HIV/AIDS is not spoken about as much as it was in the ‘80s and ‘90s. What do you wish more people understood about the virus and its current effect on our communities?
The message is still present but in a different light. Many new developments in this field have been made since the 80s and 90s. There is still a significant percentage of people in the United States who are unaware of their positive status, so it’s important to test and screen, even if someone looks healthy or may be from a demographic group that is not the “typical HIV/AIDS patient.”
The good news is many patients are living much longer and we are essentially managing HIV as a chronic illness like hypertension, diabetes mellitus, and hyperlipidemia. We emphasize the importance of adherence to improve their longevity but also to reduce the risk of transmission to others. A major focus is now on prevention as a strategy for controlling the spread of HIV to those who are at risk of transmission. In serodiscordant relationships -- meaning couples where one partner is positive and the other is negative -- we can significantly reduce the chances of the HIV-negative partner becoming infected by offering pre-exposure prophylaxis medication. Many family physicians should feel confident in their ability to manage these issues.
You were one of the first to take part in the Family Medicine Leadership Experience. What inspired you to participate?
I was looking for more opportunities for professional development and I also wanted to get more involved with TAFP. I thought doing the FMLE would be a great opportunity to enhance my skill set and network with other family physicians across the state.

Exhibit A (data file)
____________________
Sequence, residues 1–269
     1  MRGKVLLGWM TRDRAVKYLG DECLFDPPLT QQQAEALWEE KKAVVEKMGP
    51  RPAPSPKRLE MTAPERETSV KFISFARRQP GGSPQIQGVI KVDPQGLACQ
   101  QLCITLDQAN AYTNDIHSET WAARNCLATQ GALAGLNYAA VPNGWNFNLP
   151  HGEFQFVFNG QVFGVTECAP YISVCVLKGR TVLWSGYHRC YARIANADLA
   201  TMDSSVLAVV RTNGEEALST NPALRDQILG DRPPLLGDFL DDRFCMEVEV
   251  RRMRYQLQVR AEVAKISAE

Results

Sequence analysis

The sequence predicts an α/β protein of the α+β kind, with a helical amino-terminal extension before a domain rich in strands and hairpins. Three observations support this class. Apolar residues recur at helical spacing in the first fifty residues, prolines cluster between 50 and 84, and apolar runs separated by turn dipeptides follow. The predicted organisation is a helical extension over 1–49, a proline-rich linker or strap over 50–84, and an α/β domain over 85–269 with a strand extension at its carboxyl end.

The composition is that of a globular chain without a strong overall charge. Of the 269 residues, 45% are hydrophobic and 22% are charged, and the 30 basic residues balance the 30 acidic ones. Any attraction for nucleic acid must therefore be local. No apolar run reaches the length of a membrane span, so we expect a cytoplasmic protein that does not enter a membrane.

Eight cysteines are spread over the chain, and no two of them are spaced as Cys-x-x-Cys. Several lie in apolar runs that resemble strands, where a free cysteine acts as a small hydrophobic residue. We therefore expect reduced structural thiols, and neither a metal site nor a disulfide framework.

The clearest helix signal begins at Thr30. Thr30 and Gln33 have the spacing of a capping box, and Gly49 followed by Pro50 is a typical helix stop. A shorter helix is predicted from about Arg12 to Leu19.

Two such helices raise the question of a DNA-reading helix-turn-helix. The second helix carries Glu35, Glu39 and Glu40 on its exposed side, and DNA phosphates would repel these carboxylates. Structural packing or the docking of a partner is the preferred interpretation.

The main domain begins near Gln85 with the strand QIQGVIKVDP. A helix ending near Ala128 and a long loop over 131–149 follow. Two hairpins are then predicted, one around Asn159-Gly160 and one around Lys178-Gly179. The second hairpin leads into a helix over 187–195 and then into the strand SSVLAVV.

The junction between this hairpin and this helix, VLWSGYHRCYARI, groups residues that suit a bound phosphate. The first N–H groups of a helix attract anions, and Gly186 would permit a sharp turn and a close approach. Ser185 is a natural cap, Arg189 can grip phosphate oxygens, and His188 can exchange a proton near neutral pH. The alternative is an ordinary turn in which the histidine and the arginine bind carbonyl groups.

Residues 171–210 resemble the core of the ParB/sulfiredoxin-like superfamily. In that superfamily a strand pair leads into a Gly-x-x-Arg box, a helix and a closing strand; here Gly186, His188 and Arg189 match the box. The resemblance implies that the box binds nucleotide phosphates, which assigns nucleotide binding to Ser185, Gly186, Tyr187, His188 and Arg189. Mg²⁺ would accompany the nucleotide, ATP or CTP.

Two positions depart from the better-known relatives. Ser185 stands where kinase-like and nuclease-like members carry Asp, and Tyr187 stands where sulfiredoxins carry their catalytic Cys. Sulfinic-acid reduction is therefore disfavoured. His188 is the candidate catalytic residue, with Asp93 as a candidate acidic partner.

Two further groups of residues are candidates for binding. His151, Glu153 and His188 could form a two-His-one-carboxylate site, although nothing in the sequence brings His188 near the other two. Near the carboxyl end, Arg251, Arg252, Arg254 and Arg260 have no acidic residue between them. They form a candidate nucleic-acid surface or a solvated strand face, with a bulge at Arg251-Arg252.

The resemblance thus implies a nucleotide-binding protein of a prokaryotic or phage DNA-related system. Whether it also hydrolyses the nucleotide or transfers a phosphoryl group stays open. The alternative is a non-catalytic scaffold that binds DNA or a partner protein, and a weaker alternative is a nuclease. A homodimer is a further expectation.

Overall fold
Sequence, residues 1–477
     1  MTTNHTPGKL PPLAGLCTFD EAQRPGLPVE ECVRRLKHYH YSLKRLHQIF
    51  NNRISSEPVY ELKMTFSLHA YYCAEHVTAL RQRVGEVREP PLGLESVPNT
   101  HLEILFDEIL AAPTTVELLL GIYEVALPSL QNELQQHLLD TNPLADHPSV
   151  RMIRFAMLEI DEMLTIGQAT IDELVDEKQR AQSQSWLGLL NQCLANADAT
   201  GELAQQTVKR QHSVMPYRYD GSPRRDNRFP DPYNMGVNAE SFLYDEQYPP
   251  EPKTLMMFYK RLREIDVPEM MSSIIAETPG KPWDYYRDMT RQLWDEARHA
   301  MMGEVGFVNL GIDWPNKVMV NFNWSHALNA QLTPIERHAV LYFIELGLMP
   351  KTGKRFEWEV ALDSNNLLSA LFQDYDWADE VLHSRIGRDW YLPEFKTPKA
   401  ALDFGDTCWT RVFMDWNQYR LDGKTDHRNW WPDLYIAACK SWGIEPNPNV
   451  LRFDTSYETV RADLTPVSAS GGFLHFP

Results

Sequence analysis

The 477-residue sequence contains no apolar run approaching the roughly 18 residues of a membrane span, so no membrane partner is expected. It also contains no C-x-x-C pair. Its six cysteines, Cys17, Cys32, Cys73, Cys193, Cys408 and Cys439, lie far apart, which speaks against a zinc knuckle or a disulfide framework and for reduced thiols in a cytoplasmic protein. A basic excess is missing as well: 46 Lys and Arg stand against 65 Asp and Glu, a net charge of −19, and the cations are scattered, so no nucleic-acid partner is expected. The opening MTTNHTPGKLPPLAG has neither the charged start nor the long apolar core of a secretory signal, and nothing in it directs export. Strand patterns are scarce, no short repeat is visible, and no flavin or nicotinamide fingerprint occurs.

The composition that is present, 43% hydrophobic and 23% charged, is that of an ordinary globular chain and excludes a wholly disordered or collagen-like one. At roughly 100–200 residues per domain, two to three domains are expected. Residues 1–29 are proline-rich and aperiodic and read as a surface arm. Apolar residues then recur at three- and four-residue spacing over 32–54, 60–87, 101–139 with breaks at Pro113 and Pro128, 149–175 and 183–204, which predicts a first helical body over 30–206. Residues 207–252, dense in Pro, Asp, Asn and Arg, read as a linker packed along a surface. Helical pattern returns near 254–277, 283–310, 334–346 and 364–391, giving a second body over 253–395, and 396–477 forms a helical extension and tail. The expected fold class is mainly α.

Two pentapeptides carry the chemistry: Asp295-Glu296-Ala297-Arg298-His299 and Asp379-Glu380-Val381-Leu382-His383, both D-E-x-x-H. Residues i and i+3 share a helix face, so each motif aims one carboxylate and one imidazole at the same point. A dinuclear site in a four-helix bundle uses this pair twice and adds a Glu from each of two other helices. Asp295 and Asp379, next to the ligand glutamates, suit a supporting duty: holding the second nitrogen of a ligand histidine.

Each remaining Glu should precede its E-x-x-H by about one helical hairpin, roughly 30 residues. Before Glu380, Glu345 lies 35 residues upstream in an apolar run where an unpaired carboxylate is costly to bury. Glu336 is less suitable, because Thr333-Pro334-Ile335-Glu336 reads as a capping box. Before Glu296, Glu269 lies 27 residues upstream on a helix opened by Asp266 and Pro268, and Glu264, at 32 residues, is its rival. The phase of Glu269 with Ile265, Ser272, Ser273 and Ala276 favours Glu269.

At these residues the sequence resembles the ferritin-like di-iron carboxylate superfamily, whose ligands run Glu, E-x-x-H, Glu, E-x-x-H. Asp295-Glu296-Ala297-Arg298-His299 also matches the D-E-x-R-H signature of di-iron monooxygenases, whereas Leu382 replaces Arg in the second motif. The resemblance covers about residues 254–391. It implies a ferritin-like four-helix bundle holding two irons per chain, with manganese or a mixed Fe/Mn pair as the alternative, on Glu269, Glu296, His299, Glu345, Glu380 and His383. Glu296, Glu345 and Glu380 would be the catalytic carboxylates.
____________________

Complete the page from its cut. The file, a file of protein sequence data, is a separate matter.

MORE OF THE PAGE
How do you think about leadership now that you’ve completed FMLE?
A dear colleague refers to something called authentic leadership, which means staying true to the core values and beliefs you stand for. Effective leaders are adaptive, responsible, and responsive to the teams in which they are called to serve. FMLE definitely gave me tools to become a more effective and authentic leader.
How has participating in FMLE changed you professionally?
It has given me the confidence to engage and take steps to further my career development and community involvement. FMLE has increased my personal engagement and visibility in TAFP. I now serve on the Membership and Member Services Commission and as an officer in the local Harris County Academy of Family Physicians chapter. I am also involved in advocacy work in another professional organization. The confidence to lend my voice to impact policy change has been strengthened because of the Family Medicine Leadership Experience.
What advice would you give to physicians thinking about participating in FMLE?
It’s a valuable and rewarding program. You’ll learn tools about personality styles, networking, negotiations, media training, and advocacy. More importantly, it allows you to experience firsthand the commitment and value TAFP staff places in its members to develop such a wonderful program committed to molding and creating future leaders of this outstanding Academy.
For more information on the Family Medicine Leadership Experience, visit
TAFP’s Member of the Month program highlights Texas family physicians in TAFP News Now and on the TAFP website. We feature a biography and a Q&A with a different TAFP member each month and his or her unique approach to family medicine. If you know an outstanding family physician colleague who you think should be featured as a Member of the Month or if you’d like to tell your own story, nominate yourself or your colleague by contacting TAFP by email at firstname.lastname@example.org or by phone at (512) 329-8666. View past Members of the Month here.